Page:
Albert “Tootie” Heath The real deal. Getting to know and play with Tootie was a serious blessing.

Fred Hersch My teacher and mentor in a candid talk.

Keith Jarrett This went pretty well!

Geoffrey Keezer We are from the same patch of earth in Wisconsin. This one was for the Hometown Crowd…

Masabumi Kikuchi I grew to adore Masabumi’s playing and ended up writing the liner notes to the posthumous release Black Orpheus. RIP.

Bill Kirchner Bill is a predecessor of mine, a serious player who has also written about the music.

Steve Little One of Duke Ellington’s drummers takes a solo. A life in NYC music.

Wynton Marsalis: Part 1Part 2The “J” Word The part where I play him “Knozz-moe-king” was a fanboy dream come true.

Charles McPherson One of the finest of living masters in real talk about how to play bebop.

Jason Moran A quick convo between sets from a long time ago.

Jim McNeely When I studied at NYU, Jim’s stories were a highlight. This was another one that felt really good to do, a partial payment on an eternal debt.

James Newton I heard Newton’s formal scores comparatively recently and I was scandalized. This was exactly who I was looking for! Why hadn’t I been listening to him sooner?

Mark Padmore A quick email interview about Schubert by one of the great living lieder singers.

Nicholas Payton For a time Payton was controversial on the jazz internet. The more I thought about it, the more I agreed with him.

Houston Person Oh, this could have gone on much longer. Still fun.

Ben Ratliff A kind of “exit interview” from a major jazz critic of the New York Times.

Mickey Roker Ah dammit. I just had an hour. Well, it’s better than nothing. RIP.

Cécile McLorin Salvant The first person I interviewed decidedly younger than me was Cécile. I haven’t done enough about singers on DTM really, but this talk is at least a partial attempt to redress the balance. I love her artistry very much.

David Sanborn (on Phillip Wilson) An intense look at a crucial St. Louis scene.

Gunther Schuller: Part 1Part 2 I have a mixed relationship with Schuller’s jazz criticism but think he is one of the great American composers. RIP.

Alvin Singleton It only makes sense for jazz people to investigate the Afro-American classical composers. I worked hard getting ready for the Singleton interview, which has many mp3 examples of his wonderful music.

Wayne Shorter I knew damn well that Wayne was a tricky interview, so I brought him a pile of sci-fi books to start with.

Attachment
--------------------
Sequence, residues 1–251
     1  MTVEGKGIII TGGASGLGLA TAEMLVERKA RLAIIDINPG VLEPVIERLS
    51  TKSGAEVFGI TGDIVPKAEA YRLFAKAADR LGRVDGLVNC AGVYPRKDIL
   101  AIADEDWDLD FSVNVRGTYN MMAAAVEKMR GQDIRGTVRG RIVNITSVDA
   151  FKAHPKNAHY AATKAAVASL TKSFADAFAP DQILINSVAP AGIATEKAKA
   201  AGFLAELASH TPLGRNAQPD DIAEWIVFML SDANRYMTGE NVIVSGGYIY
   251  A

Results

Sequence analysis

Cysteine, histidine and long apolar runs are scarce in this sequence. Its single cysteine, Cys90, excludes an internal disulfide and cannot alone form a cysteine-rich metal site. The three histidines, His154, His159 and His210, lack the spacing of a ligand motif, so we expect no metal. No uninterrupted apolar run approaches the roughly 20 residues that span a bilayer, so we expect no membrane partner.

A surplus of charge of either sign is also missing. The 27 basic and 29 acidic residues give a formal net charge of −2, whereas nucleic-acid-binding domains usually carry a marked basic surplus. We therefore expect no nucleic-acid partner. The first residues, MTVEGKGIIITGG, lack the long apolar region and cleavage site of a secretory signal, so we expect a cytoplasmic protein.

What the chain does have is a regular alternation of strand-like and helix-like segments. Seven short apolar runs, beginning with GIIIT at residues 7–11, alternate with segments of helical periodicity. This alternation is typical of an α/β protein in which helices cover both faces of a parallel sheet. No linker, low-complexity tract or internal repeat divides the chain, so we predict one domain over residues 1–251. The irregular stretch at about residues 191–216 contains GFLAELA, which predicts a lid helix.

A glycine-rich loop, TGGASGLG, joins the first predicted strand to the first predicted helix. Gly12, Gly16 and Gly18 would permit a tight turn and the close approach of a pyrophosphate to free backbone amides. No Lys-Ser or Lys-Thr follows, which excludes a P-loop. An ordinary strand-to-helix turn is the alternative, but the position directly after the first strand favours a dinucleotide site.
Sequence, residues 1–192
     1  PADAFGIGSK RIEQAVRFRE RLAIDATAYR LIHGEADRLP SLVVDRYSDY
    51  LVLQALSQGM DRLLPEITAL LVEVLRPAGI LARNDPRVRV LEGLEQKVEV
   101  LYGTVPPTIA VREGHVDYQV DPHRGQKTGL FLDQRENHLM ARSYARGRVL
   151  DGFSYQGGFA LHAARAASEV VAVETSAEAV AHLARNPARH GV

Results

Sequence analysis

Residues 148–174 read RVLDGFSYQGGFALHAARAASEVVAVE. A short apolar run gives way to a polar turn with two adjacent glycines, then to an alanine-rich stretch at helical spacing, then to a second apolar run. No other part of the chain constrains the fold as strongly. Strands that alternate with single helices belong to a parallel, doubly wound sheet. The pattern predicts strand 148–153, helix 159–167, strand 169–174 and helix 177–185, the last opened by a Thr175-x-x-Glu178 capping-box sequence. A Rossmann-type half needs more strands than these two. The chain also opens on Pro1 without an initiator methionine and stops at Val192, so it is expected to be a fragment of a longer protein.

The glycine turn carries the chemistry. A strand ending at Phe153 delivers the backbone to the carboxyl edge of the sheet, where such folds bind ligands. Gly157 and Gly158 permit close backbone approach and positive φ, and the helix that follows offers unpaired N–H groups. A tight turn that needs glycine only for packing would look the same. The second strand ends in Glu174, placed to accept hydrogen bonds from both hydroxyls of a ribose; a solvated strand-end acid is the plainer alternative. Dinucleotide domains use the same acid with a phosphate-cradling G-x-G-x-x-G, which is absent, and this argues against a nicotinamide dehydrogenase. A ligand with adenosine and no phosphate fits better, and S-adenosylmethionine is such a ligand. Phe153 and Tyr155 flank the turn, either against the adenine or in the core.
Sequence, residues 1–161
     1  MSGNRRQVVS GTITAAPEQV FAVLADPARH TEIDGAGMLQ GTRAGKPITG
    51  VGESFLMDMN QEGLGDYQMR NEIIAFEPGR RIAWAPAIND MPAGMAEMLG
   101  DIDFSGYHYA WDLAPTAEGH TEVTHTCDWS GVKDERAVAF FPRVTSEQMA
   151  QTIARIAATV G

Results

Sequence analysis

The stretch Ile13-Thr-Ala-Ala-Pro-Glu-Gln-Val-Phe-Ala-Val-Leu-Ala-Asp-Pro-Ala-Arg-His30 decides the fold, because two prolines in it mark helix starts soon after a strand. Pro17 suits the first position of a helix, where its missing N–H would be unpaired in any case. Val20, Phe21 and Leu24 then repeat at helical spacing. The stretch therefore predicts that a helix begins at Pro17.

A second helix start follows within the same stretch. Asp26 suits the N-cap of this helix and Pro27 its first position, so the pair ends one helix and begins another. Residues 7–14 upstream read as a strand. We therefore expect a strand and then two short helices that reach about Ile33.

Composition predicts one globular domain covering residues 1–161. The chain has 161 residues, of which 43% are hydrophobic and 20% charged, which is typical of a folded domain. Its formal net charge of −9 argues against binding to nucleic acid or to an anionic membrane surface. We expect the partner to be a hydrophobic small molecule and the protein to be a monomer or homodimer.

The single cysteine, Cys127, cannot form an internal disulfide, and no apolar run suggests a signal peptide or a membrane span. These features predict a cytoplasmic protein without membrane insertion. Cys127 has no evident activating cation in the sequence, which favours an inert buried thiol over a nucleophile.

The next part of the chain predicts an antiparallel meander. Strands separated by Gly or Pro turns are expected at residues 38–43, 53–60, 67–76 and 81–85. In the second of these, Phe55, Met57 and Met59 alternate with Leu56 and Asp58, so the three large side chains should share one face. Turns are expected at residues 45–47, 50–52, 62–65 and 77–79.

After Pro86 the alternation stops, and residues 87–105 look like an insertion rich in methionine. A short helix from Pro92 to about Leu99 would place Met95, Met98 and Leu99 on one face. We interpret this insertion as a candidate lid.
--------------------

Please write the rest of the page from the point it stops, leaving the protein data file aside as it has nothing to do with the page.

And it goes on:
Ken Slone We’ve all played out of the Charlie Parker Omnibook, what about the transcriber?

Terry Teachout Terry is one of the few who really sees jazz as part of the larger American cultural puzzle. Musicians can be too self-involved and only interested in the most esoteric aspects of our art. In my view it is important to keep Terry’s perspective in mind.

Henry Threadgill: Part 1Part 2Part 3Four Hits and the Ultramodern Blues Threadgill has given many great interviews.  However the audio of his Vietnam experiences is a special document.

George Walker: InterviewThree ScarecrowsDispatches from Detroit (by Mark Stryker) Done by email, this one is rough around the edges. Still, we should all be more aware of Walker, a truly important figure and great composer.

Cedar Walton: InterviewInterview with David WilliamsInterview with David HazeltineCedar’s Blues This went pretty well. I wish I could have done an interview like this with Tommy Flanagan, Hank Jones, Hampton Hawes, Jimmy Rowles, Roland Hanna…there’s a long list. Geri Allen was supposed to do one but she died suddenly. At least I got Cedar talk a little bit about how he learned to play. RIP.

Patrick Zimmerli A key influence in my life. Thanks Pat!

The possible “to do” list includes Barbara Hannigan, Victor Lewis, Al Foster, Buster Williams, Michael Cuscuna, John Luther Adams, Mark Morris, Lera Auerbach, Thomas Adès. However, I don’t think there will be all that many more DTM interviews that aren’t pegged to a specific larger event or article. We’ll see what happens.

I’m very grateful to those that agreed to be part of this site.